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Law Enforcement Must Know How to Identify Victims of Human Trafficking


This week, the U.S. State Department released the 2012 Trafficking in Persons Report. Findings from this report estimate that 27 million people worldwide are victims of slavery, which includes sex trafficking, indentured servitude, bonded labor or forced military service.

Secretary of State Hillary Rodham Clinton discussed the findings:

“This report gives a clear and honest assessment of where all of us stand,” said Clinton, according to an article in U.S. News & World Report. “It takes a hard look at every government in our world including our own…It is important that we hold ourselves to the same standard as everyone else.”

While the U.S. is one of the most active countries in combating human trafficking, the report found the need for the U.S. to improve local, state and federal data collection techniques in order to monitor human trafficking trends.

In 2011, the Department of Justice and the FBI reached out to train more than 27,000 individuals on how to recognize and fight against trafficking in their communities.

Police Identify Victims
As you might imagine, law enforcement officials play a significant role in identifying potential human trafficking individuals. One of the issues that the report cites is that police often arrest human trafficking victims for crimes such as prostitution and do not correctly identify them as human traffic victims.

It is critical for police officers on the street to know the indicators of trafficking. Recognizing signs like poor personal hygiene, restricted or controlled communication, inconsistent stories, or unusual fearfulness of law enforcement are all potential signs of victimization. You can read a comprehensive list of key indicators here.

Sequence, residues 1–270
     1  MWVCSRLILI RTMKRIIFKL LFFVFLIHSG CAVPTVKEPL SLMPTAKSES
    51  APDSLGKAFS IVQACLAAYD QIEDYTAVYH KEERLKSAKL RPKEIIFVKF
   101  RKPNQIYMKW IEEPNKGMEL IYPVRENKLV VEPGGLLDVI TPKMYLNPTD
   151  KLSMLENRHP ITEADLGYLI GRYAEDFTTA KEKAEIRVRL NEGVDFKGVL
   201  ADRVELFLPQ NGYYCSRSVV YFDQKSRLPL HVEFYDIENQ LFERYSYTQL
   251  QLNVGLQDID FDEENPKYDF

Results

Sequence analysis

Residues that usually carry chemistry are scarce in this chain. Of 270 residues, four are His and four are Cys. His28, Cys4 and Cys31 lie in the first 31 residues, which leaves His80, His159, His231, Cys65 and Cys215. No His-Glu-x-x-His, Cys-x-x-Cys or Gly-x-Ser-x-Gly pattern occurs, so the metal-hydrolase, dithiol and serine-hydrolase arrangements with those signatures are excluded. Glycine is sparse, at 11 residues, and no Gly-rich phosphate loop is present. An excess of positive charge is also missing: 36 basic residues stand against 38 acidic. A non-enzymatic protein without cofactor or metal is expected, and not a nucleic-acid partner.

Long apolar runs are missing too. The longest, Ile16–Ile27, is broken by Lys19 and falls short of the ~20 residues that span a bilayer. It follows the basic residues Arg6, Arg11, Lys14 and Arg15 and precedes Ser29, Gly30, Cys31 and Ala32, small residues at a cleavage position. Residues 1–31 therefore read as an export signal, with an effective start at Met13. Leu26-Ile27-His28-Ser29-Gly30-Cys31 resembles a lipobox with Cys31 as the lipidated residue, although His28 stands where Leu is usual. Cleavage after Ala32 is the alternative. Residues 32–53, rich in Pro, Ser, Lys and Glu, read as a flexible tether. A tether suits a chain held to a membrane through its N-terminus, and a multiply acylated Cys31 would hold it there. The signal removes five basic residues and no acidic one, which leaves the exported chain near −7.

Also, it’s important for police to know what questions they should ask people they suspect might be victims of human trafficking. Asking questions like:

  • “Are you free to leave your employment situation?”
  • “Do you have personal documents like identification papers, passports, birth certificates? If not, who does?”
  • “Do you owe money to your employer?”

For a comprehensive list of questions, go here.

Many police agencies are conducting training sessions for their officers on this issue. The Windsor (Canada) Police Department received special training for their officers about how to spot the signs of enslavement and human trafficking.

Build Partnerships
Law enforcement agencies can’t go it alone. The report also highlights the importance of police agencies building partnerships with NGOs to provide aid and assistance to human trafficking victims after they’ve been identified. The report suggests developing task forces and community partnerships in order to facilitate such collaboration. For example, after a law enforcement agency conducts a raid, it is important for NGO partners and other advocates be called on to assist with things like housing, case management and medical care for victims. These law enforcement agencies and advocates can then work together to provide an appropriate safety plan for individuals or groups of victims, stated the report.



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